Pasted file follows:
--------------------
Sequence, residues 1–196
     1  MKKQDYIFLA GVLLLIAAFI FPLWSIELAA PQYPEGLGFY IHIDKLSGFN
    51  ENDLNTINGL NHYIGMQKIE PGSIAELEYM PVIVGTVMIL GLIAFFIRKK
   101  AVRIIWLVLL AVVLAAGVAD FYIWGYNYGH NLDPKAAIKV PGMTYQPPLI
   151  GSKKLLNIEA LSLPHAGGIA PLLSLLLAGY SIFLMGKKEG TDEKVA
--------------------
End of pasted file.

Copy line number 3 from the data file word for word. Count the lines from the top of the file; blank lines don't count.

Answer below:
    51  ENDLNTINGL NHYIGMQKIE PGSIAELEYM PVIVGTVMIL GLIAFFIRKK